In addition, aerosols in the lower troposphere modified convection and the upper-level cloud properties. Lastly, the study showed the effects that ice nuclei and cloud condensation nuclei—which are parts of aerosol particles in the lower and middle troposphere—have on upper-level clouds depend on the humidity, resolving some contradictory results from past studies.

Researchers will be using a similar approach to study aerosol effects in more complicated, large-scale weather systems, such as the Monsoon system in the Australia region. In addition, they will investigate how those effects are sensitive to different ice nucleation parameterizations.

Explore further: Dead floppy drive: Kenya recycles global e-waste

More information: Fan J, J Comstock, and M Ovchinnikov. 2010. "The Cloud Condensation Nuclei and Ice Nuclei Effects on Tropical Anvil Characteristics and Water Vapor of the Tropical Tropopause Layer." Environmental Research Letters: 5 (October-December 2010) 044005. doi:10.1088/1748-9326/5/4/044005

add to favorites email to friend print save as pdf

Related Stories

Pollution alters isolated thunderstorms

Dec 15, 2009

New climate research reveals how wind shear -- the same atmospheric conditions that cause bumpy airplane rides -- affects how pollution contributes to isolated thunderstorm clouds. Under strong wind shear ...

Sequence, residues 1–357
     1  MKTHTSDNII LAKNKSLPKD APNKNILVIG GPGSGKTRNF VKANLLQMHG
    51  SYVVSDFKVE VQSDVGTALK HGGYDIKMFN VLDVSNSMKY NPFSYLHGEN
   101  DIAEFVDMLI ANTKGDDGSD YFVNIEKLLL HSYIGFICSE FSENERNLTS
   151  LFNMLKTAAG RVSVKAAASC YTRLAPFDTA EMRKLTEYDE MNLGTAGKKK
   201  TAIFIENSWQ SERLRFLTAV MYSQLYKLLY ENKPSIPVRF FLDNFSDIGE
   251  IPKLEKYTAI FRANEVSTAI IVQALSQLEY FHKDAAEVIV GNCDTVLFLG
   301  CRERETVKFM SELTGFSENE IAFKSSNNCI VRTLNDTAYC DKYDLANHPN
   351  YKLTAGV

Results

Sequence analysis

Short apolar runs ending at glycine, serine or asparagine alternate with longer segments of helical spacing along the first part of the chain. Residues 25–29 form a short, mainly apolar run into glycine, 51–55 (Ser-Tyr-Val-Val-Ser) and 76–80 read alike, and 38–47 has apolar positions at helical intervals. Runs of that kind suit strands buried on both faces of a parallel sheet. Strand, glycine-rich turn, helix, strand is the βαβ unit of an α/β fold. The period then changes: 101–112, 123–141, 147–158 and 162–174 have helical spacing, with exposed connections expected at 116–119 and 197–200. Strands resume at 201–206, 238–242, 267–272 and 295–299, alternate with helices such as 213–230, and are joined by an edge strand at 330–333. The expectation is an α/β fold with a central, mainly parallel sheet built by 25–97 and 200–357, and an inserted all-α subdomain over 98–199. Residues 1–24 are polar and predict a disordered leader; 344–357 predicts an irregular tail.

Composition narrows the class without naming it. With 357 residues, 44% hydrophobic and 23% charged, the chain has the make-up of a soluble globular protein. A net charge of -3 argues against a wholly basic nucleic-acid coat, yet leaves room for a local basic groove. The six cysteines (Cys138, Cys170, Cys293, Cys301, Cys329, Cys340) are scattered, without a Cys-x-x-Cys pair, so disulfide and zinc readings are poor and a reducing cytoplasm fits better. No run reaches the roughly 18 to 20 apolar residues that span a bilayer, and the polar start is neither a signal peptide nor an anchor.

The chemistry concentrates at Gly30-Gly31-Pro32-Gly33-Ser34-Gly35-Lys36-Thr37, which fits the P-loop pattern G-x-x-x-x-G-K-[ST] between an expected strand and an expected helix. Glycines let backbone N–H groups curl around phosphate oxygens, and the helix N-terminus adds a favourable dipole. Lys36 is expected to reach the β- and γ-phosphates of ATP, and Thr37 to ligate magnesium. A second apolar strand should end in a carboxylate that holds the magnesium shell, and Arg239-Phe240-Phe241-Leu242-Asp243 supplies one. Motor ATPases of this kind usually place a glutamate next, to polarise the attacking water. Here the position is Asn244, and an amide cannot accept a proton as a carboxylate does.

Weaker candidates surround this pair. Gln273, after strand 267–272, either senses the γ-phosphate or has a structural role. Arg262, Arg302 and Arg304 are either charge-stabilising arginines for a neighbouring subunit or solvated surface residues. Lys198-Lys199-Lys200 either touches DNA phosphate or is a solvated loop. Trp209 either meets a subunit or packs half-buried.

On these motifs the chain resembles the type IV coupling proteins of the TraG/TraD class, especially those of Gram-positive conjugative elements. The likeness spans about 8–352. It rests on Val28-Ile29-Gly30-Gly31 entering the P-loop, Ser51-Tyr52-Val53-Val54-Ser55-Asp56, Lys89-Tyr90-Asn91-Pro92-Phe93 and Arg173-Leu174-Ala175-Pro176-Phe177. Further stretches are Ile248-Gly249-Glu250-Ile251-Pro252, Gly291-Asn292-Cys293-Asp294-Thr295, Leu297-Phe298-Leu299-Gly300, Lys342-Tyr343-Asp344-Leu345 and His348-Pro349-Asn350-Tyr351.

The insides of clouds may be the key to climate change

Feb 17, 2007

As climate change scientists develop ever more sophisticated climate models to project an expected path of temperature change, it is becoming increasingly important to include the effects of aerosols on clouds, according ...

Tropical cloud 'dust' could hold the key to climate change

Oct 26, 2005

Scientists at the University of Manchester will set off for Australia this week to undertake an in-depth study of tropical clouds and the particles sucked up into them to gain further insight into climate change and the depletion ...

Science paper examines role of aerosols in climate change

Sep 05, 2008

A group of scientists affiliated with the International Geosphere-Biosphere Programme (IGBP) have proposed a new framework to account more accurately for the effects of aerosols on precipitation in climate models. Their work ...

Recommended for you

Dead floppy drive: Kenya recycles global e-waste

18 hours ago

In an industrial area outside Kenya's capital city, workers in hard hats and white masks take shiny new power drills to computer parts. This assembly line is not assembling, though. It is dismantling some ...

New paper calls for more carbon capture and storage research

23 hours ago

Federal efforts to reduce greenhouse gas emissions must involve increased investment in research and development of carbon capture and storage technologies, according to a new paper published by the University of Wyoming's ...

Coal gas boom in China holds climate change risks

Aug 22, 2014

Deep in the hilly grasslands of remote Inner Mongolia, twin smoke stacks rise more than 200 feet into the sky, their steam and sulfur billowing over herds of sheep and cattle. Both day and night, the rumble ...

User comments : 0